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  • BrianAJackson/iStock/Thinkstock(WASHINGTON) --  The White House is calling the federal court ruling to halt dismantlement of DACA "outrageous," but immigration advocates see it as a victory -- although not a lasting one.On Tuesday, a federal district judge in California issued a preliminary injunction against the Trump administration's effort to end the Deferred Action for Childhood Arrivals program (DACA). The program was begun under the Obama administration to offer deportation relief and work authorization to young people brought to the U.S. as children, known as "Dreamers."On Sept. 5, 2017, the Trump administration announced it was ending the program and phasing it out over the following six months.Since the program's initiation in 2012, nearly 800,000 unauthorized immigrants have been granted protection. DACA recipients will begin losing status as of March 6 in waves, though some who were unable to re-apply have already lost benefits.Since the administration announced the end to DACA, 12,710 DACA recipients have had their status expire, but there were also a number of approvals for new, initial requests.There are currently, 686,100 DACA recipients, according to Immigration and Citizenship Services (USCIS), which manages the program.The court ruling came on the same day that the White House held a bipartisan meeting to discuss immigration reform and amidst ongoing congressional negotiations to reach a DACA deal. The president hosted more than a dozen Republican and Democratic senators for talks on immigration, which turned into a highly unusual, real-time negotiation in front of cameras.At one point, Trump said that any legislation must be bipartisan and should be "a bill of love." It also must include, he said, funding for a wall "on a good portion" of the border."Many Democrats oppose the wall -- a major Trump campaign promise.The White House said that during the closed-door portion of the meeting, lawmakers "reached an agreement to negotiate legislation that accomplishes critically needed reforms in four high-priority areas: border security, chain migration, the visa lottery, and the Deferred Action for Childhood Arrivals policy."In the wake of the district court ruling, Trump said that the court system is "broken and unfair" and cited the 9th Circuit Court of Appeals, the appeals court for cases in California."We find this decision to be outrageous, especially in light of the President’s successful bipartisan meeting with House and Senate members at the White House on the same day," White House Press Secretary Sarah Sanders said in a statement. "An issue of this magnitude must go through the normal legislative process. President Trump is committed to the rule of law, and will work with members of both parties to reach a permanent solution that corrects the unconstitutional actions taken by the last administration."The Department of Justice, which will be responsible for appealing the ruling, said it doesn't change the fact that DACA "was an unlawful circumvention of Congress.""Tonight's order doesn’t change the Department of Justice’s position on the facts: DACA was implemented unilaterally after Congress declined to extend these benefits to this same group of illegal aliens. As such, it was an unlawful circumvention of Congress, and was susceptible to the same legal challenges that effectively ended DAPA," said DOJ spokesman Devin O'Malley in a statement.In July, 2016 the U.S. Supreme Court split left in place a lower court’s opinion that blocked then-President Obama’s expanded executive action from going into effect. The program, known as Deferred Action for Parents of Americans (DAPA), could have offered more than four million undocumented immigrants a chance to remain in the country without fear of deportation.The Trump administration "acted within its lawful authority in deciding to wind down DACA in an orderly manner. Promoting and enforcing the rule of law is vital to protectin
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  • US Senate(NEW YORK) -- Sen. Thom Tillis had high praise for President Donald Trump's leadership during a bipartisan immigration reform meeting at the White House Tuesday, commending his willingness to be flexible on key issues in the negotiation and for allowing the press to observe the proceedings for nearly an hour -- a grant of access unprecedented under the Trump administration."There was genius displayed yesterday in the meeting. It's sort of a rare genius up here -- it was actually listening and being flexible," said Tillis, R-N.C., in a Wednesday interview on the Powerhouse Politics podcast with ABC News' Chief White House Correspondent Jonathan Karl and Political Director Rick Klein.Tuesday's summit included spirited debate between Democratic senators advocating for protections for so-called "Dreamers" -- the young, undocumented immigrants previously protected by the Obama administration's Deferred Action for Childhood Arrivals (DACA) policy- and Republican legislators who largely want to pair new immigration laws with guarantees for increased border security, potentially including funding for Trump's controversial border wall proposal.While Trump has been steadfast since the early days of his presidential campaign about his desire for a wall, Tillis said that at the White House Tuesday, Trump told him he would abide by whatever deal the senators could strike among themselves."Probably the most compelling statement that he made to me yesterday was, 'I will honor what you all decide you can agree on. I will accept something and sign in to law something that's short of what I would prefer, in the interest of solving the problem,'" the senator relayed.Yet in a news conference at the White House Wednesday afternoon, Trump made clear that he won’t defer to Congress on all matters when he was asked about the possibility of being presented with a bill that does not include funding for a border wall."No. No," the president said. "It's got to include the wall. We need the wall for security. We need the wall for safety. We need the wall for stopping the drugs from pouring in... Any solution has to include the wall, because without the wall it all doesn't work."Describing himself as "a silver lining kind of guy," Tillis named a number of positive developments from the discussions, among them, Trump "saying it's not going to be a monolithic wall from the Pacific Ocean to the Gulf of Mexico" and "showing that he's willing to accept something maybe less than what he started out with." He further praised the decision to allow reporters to document the conversation for 55 full minutes."I thought it was a great idea," Tillis said, adding, "One thing that was funny, I think it was about 30 minutes into it, I looked up at all the journalists and they're all looking around like, 'Do they know we're still in here?'"The North Carolina Republican, who introduced legislation in September to prevent a president from removing a special counsel, additionally commented on the status of Robert Mueller's Russia investigation, which Trump again called a "witch hunt" in a tweet Wednesday morning. Tillis said he thinks that he and his colleagues should "step back, let the investigations play out and let them be as broad or as narrow as the special counsel and the Department of Justice think they need to be."His proposal, he said, was not a indictment of the actions of Trump or Mueller in this specific instance, but a protectionary measure he hopes could have an "enduring impact for future administrations" as well."I think it has less to do with influencing this investigation and more to do with the Senate and the Congress asserting some influence over the handling of the special counsel, which obviously was created under Congressional action," Tillis said.The senator did have a suggestion for a separate inquiry however, one related to The Washington Post's December decision to list the fried chicken chain Bojangles -- which was founded in the Ta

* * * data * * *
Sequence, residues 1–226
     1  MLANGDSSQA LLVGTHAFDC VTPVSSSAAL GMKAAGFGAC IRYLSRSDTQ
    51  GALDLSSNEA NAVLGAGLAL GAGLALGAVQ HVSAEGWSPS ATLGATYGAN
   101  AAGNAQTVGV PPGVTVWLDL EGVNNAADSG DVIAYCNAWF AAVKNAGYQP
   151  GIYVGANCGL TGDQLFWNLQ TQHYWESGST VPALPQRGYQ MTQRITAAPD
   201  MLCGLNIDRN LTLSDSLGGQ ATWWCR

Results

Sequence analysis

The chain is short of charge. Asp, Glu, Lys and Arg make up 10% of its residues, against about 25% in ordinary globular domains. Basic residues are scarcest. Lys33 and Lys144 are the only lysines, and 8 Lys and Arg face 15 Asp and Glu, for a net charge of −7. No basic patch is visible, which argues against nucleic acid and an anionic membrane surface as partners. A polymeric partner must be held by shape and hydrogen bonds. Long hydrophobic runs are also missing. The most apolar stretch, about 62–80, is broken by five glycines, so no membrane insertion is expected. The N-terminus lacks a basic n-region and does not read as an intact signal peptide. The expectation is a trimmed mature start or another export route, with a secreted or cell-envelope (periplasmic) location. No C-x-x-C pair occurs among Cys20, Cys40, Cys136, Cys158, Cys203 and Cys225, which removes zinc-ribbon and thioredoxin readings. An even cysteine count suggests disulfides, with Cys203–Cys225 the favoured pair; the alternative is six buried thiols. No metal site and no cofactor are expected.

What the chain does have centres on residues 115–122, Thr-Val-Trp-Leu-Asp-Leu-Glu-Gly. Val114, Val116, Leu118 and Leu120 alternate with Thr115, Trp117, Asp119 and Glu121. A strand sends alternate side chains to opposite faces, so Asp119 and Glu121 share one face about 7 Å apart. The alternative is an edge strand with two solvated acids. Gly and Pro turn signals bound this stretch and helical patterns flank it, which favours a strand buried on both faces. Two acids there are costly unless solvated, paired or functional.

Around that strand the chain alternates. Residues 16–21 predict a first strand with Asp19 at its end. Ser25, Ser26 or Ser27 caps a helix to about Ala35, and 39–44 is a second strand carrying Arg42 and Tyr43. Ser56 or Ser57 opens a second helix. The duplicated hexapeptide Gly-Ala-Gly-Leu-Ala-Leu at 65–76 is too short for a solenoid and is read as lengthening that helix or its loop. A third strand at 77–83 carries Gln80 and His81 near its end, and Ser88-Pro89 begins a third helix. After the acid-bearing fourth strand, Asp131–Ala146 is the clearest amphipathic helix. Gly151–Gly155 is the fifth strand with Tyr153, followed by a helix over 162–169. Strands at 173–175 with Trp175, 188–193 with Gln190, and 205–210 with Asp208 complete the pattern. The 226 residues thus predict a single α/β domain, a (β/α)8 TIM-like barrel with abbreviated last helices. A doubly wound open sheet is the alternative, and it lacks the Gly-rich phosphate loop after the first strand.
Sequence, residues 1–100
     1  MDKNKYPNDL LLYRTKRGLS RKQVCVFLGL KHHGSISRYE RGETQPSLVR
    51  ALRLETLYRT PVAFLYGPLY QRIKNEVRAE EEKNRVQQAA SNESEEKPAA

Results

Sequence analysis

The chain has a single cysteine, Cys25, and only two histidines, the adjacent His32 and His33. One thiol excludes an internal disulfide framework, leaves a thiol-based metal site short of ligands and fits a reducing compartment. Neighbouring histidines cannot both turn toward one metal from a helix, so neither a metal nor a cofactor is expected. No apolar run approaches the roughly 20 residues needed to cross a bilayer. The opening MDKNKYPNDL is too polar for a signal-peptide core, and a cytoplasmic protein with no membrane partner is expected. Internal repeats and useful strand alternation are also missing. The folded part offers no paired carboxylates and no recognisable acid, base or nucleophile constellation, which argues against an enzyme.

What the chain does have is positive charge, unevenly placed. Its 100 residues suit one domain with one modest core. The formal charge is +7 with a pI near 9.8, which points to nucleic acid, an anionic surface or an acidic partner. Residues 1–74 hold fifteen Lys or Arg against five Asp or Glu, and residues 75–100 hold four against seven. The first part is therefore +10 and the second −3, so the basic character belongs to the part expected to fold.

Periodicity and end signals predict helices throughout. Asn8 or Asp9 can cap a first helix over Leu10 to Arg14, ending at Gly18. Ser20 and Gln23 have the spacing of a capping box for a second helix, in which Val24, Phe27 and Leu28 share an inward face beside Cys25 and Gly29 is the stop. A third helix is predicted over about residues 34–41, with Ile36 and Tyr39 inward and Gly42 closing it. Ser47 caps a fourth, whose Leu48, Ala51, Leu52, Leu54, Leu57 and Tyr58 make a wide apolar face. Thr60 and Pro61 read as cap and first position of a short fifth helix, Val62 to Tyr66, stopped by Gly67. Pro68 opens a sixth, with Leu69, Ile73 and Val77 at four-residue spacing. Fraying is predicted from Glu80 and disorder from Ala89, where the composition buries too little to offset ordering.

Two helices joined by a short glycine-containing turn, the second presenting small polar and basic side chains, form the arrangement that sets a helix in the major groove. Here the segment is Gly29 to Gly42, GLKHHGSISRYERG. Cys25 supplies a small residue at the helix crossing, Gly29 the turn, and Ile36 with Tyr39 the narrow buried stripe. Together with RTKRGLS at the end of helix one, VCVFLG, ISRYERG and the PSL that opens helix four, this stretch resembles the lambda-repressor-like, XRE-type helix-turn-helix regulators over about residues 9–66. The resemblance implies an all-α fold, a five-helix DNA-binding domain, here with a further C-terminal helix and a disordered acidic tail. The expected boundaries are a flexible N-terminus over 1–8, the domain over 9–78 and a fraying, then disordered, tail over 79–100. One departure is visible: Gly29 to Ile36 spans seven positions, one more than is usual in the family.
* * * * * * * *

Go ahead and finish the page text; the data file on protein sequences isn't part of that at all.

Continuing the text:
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  • ABC News(WASHINGTON) -- President Donald Trump would not commit Wednesday to being interviewed by Special Counsel Robert Mueller as part of the Russia investigation and called the prospect "unlikely," despite saying last year that he would be willing to speak with him."We'll see what happens," Trump said when asked if he would be open to such a meeting. "Certainly I'll see what happens, but when they have no collusion and nobody has found any collusion at any level, it seems unlikely that you'd even have an interview."Trump's position, stated during a news conference with Norwegian Prime Minister Erna Solberg at the White House, came in the wake of reports this week that Mueller and his team raised the possibility of an interview with the president during a meeting with his attorneys.A source with knowledge of the meeting, which occurred last month, said that it was not the first instance in which Mueller expressed a desire to meet with Trump as he continues to investigate Russian interference in the 2016 presidential election and potential collusion with the Trump campaign.Last June, the president provided a different answer when asked by ABC News' Jonathan Karl whether he would open to speaking with Mueller. At the time Trump was refuting congressional testimony by former FBI director James Comey in which Comey claimed that the president had asked for Comey's loyalty.Trump said he would "100 percent" be willing to share his version of the encounter with Comey under oath. When Karl followed up to ask if he would do so with the special counsel, the president said he "would be glad to tell him exactly what I just told you."As has become routine, Trump fervently denied Wednesday that any collusion took place and described such a suggestion as "a phony cloud" that has hung "over this administration and our government.""It has hurt our government," he added. "It does hurt our government."